REVIEW ARTICLE


The Reliability and Integrity of Smart Roads in the Context of Homeland Security and Asset Management



Filippo G. Praticò1, *
iD
, Rosario Fedele1
iD
, Gianfranco Pellicano1
iD

1 DIIES Department, University Mediterranea of Reggio Calabria, Reggio Calabria, Via Graziella - Feo di Vito, Reggio Calabria 89100, Italy


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Creative Commons License
© 2023 Praticò et al.

open-access license: This is an open access article distributed under the terms of the Creative Commons Attribution 4.0 International Public License (CC-BY 4.0), a copy of which is available at: https://creativecommons.org/licenses/by/4.0/legalcode. This license permits unrestricted use, distribution, and reproduction in any medium, provided the original author and source are credited.

* Address correspondence to this author at the DIIES Department, University Mediterranea of Reggio Calabria, Reggio Calabria, Via Graziella - Feo di Vito, Reggio Calabria 89100, Italy; E-mail: filippo.pratico@unirc.it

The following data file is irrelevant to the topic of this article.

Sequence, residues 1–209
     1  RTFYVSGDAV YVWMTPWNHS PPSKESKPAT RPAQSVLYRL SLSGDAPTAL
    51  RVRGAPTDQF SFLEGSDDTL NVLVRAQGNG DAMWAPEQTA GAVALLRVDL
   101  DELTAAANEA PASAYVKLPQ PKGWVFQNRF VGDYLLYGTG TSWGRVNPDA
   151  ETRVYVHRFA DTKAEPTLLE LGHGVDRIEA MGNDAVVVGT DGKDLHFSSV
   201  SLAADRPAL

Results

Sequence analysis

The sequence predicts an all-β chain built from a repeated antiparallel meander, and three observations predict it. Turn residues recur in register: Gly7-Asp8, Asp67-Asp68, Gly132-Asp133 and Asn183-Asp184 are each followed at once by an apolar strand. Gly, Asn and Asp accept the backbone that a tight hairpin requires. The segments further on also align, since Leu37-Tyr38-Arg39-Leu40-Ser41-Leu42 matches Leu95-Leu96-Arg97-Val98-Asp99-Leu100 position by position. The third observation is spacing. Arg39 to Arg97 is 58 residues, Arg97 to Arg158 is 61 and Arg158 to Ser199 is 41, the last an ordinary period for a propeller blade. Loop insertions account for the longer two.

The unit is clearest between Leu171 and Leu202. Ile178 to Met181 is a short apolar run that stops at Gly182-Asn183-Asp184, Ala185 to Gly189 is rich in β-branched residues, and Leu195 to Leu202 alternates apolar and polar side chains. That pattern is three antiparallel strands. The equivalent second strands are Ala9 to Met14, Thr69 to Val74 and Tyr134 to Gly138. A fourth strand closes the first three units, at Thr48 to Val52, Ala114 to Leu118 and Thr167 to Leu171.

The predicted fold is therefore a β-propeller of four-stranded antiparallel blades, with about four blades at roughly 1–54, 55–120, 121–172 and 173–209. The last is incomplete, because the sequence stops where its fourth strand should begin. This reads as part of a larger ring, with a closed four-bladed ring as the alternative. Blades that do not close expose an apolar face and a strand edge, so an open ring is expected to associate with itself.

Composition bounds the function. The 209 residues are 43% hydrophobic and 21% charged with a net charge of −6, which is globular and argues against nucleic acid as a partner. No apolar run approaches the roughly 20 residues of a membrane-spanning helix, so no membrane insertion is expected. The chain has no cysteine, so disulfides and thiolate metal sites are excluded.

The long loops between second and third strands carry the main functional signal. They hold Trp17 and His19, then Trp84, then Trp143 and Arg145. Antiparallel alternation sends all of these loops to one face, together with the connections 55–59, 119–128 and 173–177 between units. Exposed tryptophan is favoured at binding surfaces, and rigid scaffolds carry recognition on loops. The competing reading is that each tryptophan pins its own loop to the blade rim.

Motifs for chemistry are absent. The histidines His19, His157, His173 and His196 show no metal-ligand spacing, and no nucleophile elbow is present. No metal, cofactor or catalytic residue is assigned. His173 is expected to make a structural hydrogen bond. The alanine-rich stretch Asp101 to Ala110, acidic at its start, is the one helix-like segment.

Abstract

The reliability and integrity of smart roads in the context of homeland security and asset management pertain to different risks and phenomena. Unfortunately, many issues remain unsolved in terms of the relationship between different types of risks (e.g., safety versus structural integrity), the impact of information technologies, and the impact of the construction technologies and design options (e.g., viaduct or tunnel). In light of the above, the objectives of this paper were confined to the following: 1) Analysing critical road infrastructures, CRI, in the context of homeland security, asset management and information communication technologies, ICT. 2) Setting up a risk model for CRIs. Three equations were derived. Results demonstrate the complexity of the studied system, where many components interact. Future research will focus on the main criticalities that emerged in the study.

Keywords: Risk, Reliability, Integrity, Transportation infrastructure, Friction, Surface texture.



1. INTRODUCTION